And here we are, the final volley of “Shake, Bake, & Remake: Series 1”. This is the end, my friend. My only friend. The end. I probably saved Halloween
for last because, if you couldn’t tell by the rating I gave it, it’s the best movie of the group by a large margin. A large-and-in-charge margin. A “’large’ like Large Marge” margin. Ze margin? She is large. It’s way
better than any of the crusty turds I found when sifting through the cinematic cat box that is Platinum Dunes, for certain. Now, I already did a short review for this movie back on the old site, but it was a short subject and thus ineligible for re-editing as a “Rerun” review. Instead, I will be recycling much of what worked in said bite-size criticism for use in this article. Appropriate given the theme of the last month’s work!
Let me get this little statement out of the way before we get underway: I’m not Hindu, so no cow is sacred to me. I just clogged my arteries with the greasy seared flesh and blood of a big double-cheeseburger before I started typing this up. As such, I don’t care what topic it is or how many people love it; if you put anything in front of me I’ll be perfectly happy to dissect it, roll it through breading, fry it up and eat that sucker for dinner. Some people aren’t so quick to agree with this lifestyle though. A number of those people see John Carpenter’s original Halloween, then immediately drop to their knees and start tossing flowers in front of its path in prayer for its safe journey. Fuck that. However, at the same time, don’t confuse me as being anti-Halloween ’78 because I think it’s “cool” to piss on popular movies. I’d rather shiv a hipster and jump rope with his entrails than deride something just because it’s popularly bandied around as a classic. Don’t jump to conclusions. If there’s one thing I hate (of the few thousand things I would rather see awash in napalm than have to accept the existence of) it’s dickheads and she-dickheads that jump to conclusions. I am anti-Halloween ’78, but because I just don’t like it as a movie.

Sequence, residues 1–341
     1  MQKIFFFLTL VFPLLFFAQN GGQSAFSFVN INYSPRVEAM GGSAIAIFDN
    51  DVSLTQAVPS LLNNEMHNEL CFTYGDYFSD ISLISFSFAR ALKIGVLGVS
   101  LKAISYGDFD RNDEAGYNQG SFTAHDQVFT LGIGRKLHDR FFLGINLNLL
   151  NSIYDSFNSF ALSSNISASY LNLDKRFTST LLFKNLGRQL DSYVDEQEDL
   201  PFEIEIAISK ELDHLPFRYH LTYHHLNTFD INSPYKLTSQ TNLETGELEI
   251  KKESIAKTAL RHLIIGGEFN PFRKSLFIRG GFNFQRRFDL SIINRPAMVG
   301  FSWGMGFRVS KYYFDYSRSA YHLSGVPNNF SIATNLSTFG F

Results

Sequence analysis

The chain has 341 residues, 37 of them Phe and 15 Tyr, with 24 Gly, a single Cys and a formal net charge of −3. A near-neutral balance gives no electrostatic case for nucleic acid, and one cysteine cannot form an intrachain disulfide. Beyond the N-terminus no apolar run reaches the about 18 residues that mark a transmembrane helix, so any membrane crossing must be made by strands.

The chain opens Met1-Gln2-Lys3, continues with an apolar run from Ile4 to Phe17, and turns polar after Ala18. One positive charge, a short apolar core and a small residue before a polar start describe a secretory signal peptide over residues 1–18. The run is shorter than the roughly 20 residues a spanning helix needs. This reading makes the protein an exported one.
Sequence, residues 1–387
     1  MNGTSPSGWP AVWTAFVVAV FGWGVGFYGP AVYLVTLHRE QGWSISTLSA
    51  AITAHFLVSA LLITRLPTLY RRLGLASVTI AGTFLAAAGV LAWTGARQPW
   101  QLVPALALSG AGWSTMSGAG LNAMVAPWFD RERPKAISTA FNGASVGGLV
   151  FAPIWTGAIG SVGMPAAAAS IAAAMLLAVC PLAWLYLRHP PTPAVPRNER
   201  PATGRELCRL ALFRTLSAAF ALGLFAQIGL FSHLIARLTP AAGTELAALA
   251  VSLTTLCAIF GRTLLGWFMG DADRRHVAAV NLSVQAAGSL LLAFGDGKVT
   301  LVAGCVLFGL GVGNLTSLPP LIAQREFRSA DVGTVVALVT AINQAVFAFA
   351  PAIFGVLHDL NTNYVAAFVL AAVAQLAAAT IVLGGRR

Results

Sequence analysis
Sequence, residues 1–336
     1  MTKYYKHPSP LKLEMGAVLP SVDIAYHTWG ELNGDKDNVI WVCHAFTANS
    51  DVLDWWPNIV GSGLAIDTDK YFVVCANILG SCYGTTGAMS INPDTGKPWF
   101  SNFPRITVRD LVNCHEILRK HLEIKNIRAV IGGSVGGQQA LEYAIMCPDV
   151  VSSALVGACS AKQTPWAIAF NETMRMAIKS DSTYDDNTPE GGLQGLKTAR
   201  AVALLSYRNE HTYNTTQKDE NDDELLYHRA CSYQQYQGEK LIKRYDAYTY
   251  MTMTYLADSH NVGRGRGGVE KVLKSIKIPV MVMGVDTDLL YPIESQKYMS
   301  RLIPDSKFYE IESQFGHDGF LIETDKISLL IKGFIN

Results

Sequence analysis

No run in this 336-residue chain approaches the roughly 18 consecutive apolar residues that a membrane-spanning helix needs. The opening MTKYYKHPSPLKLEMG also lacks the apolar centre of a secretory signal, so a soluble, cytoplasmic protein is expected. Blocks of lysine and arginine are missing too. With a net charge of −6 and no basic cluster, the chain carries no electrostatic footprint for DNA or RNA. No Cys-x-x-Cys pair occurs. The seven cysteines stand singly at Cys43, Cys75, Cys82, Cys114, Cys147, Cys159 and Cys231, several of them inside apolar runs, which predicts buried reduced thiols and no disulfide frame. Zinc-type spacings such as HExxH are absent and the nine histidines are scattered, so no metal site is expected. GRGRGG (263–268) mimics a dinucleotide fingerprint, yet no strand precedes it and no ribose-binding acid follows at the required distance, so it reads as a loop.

Just because his initials are J.C. doesn’t mean John Carpenter should be getting his ego stroked like he’s the bastard spawn of Jehovah. If Carpenter himself had came up to me with his movie about a random masked killer stabbing teens and lugging around headstones for no apparent reason while tacking 200+lb men up to rickety little pantry doors with nothing more than a butcher knife, I’d just look at him and ask why I should bother. “But it’s just oozing with suspense, sir! It’s an amazing assault on the senses and my very minimalist piano-synthesizer score is icing on the cake!” No, dick brain (may I call you “dick brain”?), it’s really not. Who keeps telling you this is a good thing? It seems more to me like lazy storytelling and a simplistic slasher flick that people are just trying to sell as this astonishing allegory of cinematic greatness packed with more edge-of-your-seat suspense than the best of “Alfred Hitchcock Presents”. I’d like to say it’s just because slasher movies were a new thing back then (and yes, I acknowledge Black Christmas, so shut it) and people were easier to impress, but I’ve been dumbstruck by people younger than I (usually jerking each other off in the back of Hot Topic) that think, for whatever reason, Halloween is something special. That it’s better than every gimmick slasher movie franchise that’s come since its release, despite its string of dick cheese (dick string cheese?) sequels. Though Season of the Witch is a fantastic movie (again, shut it). In the 20 years (and dozen or so other Carpenter movies) since I first watched it, I still don’t understand the nerd lust. If I were a more egocentric death deity, I’d say the people on Carpenter’s dick are all stupid and useless. But, everyone’s entitled to an opinion. Keep that in mind while you’re thinking of how to word the hate mail some of you send me when I your babies to the dingos like this.
Anyway, here’s what it comes down to: I like my killers with a background. I like understanding my monsters instead of just being satisfied watching them gut people for no apparent reason. It’s a weirdly acceptable trope for most generic ’80s slasher movies about the nerd/janitor/retard/hobo who gets burned with fire/acid by a group of teens/campers/bullies and comes back horribly scarred for a murder revenge tour of dollar store blood and butcher shop entrails. But it’s acceptable because most of those movies are never seen by casual viewers’ eyes, or completely forgotten by most of those who have. When your slasher is hailed as a high water/slaughter mark for the genre, I expect a bit more than “he was an evil boy and now he’s an evil man”. This is where Rob Zombie’s remake takes a different fork in the proverbial road and makes itself something more than just a copy and paste work up with a high-def coat of paint and modernized boob jobs.